Some vegetables are too eager. They race for maturity, but deteriorate if not picked, leaving you to eat a season’s quota of your favourite crop in one go.
Just too many radish.
The trick is staggering harvest times by sowing seeds little and often in ‘succession’.
You can keep your plate evenly full by growing young plants to replace those that have just vanished into the kitchen.
Crops suited to succession sowing:
Impatient crops that have an ideal maturity and don’t store well. These chaps will sulk if not harvested, usually producing seeds or losing tenderness, so are best sown regularly.
For example (links open Garden Organic PDFs): Annual Spinach, Broad Bean, Leaf Beet, Calabrese, Carrot, Cabbage, Kohl Rabi, Lettuce, Pea, Radish, Rocket, Salad Onion, Turnip, Swede, Summer Salads, and Seed Sprouts.
Crops less is need of succession sowing:
Generous crops that can’t resist yielding for long periods, such as tomatoes and runner beans. These crops are best sown once. Likewise crops that like to culminate their season at about the same time every year, such as pumpkins and squashes.
Weather can ruin the best laid horticultural plans
A hot or cold spell can excite or depress crops sown at different times, letting them catch up with one another. So, a couple of useful tips to help buffer the effects of surprise weather:
- Rather than follow a rigid sowing schedule – with new carrots every third Sunday, wait for the earlier sowing to grow merrily before sowing again.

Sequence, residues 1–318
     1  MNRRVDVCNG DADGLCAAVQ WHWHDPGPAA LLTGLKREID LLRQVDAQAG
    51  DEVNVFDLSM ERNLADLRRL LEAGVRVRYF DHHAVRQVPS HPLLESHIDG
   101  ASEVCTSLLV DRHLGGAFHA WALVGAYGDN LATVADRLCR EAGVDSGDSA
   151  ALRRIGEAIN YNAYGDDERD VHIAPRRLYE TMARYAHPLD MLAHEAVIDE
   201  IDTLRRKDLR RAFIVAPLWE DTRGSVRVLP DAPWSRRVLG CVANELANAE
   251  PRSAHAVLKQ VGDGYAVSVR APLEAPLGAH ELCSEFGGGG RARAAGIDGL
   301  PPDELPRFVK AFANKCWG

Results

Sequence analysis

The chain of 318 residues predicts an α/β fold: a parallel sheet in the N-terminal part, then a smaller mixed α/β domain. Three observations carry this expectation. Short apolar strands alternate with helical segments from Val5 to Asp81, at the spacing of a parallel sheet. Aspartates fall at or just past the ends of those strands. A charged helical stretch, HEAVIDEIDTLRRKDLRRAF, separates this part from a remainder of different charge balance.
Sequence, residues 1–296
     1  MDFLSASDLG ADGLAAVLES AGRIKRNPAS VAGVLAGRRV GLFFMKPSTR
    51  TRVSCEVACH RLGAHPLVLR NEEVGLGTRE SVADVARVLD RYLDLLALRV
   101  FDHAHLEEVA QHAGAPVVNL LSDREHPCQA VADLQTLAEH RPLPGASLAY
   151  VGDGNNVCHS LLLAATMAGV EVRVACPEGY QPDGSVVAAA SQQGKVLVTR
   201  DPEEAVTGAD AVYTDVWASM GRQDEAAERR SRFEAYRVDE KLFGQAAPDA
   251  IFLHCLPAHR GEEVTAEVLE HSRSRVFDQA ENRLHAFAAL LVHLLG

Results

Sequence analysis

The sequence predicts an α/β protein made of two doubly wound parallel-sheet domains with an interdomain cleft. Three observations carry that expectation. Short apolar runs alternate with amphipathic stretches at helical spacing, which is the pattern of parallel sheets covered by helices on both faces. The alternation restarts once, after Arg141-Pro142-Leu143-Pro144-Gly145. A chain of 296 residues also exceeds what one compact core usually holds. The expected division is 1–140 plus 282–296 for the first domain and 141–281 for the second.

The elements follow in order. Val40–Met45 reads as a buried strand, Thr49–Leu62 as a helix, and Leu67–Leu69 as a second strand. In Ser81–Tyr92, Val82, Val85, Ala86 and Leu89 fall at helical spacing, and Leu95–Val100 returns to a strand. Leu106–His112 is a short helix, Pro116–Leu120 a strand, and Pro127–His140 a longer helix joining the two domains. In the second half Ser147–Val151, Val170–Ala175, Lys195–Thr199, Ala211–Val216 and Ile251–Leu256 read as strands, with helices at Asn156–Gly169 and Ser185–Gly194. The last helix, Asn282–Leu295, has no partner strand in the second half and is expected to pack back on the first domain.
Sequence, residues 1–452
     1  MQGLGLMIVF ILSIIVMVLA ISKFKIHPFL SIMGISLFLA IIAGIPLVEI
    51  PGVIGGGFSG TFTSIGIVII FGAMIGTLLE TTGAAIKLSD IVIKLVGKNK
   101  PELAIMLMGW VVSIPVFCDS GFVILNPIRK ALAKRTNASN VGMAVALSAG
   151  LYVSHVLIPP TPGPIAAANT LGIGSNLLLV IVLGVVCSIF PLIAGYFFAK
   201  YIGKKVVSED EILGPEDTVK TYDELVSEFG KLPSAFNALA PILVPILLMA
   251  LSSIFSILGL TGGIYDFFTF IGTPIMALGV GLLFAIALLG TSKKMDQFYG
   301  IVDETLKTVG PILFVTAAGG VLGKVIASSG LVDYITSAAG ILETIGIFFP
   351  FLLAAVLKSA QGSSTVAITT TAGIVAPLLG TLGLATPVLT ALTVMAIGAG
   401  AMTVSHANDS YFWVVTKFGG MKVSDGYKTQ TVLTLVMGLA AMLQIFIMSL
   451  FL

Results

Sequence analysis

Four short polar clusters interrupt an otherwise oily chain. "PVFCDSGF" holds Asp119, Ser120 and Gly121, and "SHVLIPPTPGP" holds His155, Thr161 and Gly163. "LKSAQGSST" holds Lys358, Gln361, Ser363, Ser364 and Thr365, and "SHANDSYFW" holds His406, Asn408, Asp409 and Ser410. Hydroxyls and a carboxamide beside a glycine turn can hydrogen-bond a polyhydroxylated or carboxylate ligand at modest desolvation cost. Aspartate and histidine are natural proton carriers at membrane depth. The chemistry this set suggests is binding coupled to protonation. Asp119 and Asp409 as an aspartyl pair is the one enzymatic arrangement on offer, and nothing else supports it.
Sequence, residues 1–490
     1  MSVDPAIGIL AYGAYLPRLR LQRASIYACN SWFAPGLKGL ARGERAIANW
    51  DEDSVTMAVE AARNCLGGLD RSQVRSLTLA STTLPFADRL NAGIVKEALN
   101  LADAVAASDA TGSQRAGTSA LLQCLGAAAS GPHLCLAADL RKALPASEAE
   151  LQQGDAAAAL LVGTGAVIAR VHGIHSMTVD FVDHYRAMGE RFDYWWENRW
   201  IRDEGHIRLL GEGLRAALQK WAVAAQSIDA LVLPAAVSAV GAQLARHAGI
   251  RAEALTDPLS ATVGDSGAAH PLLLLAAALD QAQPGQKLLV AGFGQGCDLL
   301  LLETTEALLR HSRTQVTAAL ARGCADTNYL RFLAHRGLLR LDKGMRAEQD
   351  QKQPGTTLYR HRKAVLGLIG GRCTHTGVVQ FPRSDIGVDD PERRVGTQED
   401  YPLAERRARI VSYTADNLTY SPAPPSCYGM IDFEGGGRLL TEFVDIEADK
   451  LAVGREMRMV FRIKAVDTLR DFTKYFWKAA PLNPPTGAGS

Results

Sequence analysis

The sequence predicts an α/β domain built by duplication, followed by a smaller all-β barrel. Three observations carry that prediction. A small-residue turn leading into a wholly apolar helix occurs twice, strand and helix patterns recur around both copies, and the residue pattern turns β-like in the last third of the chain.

- Pick crops early, munching young plants as ‘thinnings’, leaving alternate plants to grow larger.
- Speed up slower specimens by covering with a cloche or horticultural fleece for a couple of weeks. This will get them growing!
Succession sowing can continue for several months depending on the crop and, more and more, clever new varieties. Have a look at the Organic Gardening Catalogue.
Don’t feel obliged to grow young plants next to old so they compete in rows, or entertain large bare spaces with the promise of late season sowings… So long as there are crops of different age around your growing space, then local tableware will be pleased.
Just after the thrill of eating own-grown produce, is experimenting with different veg at different harvest times. I find succession sowing, with the many caveats, one of most exciting of all horticultural delights.
Click here to discover unusual crops (opens ‘Sowing New Seed’ project website)
Article by Philip Turvil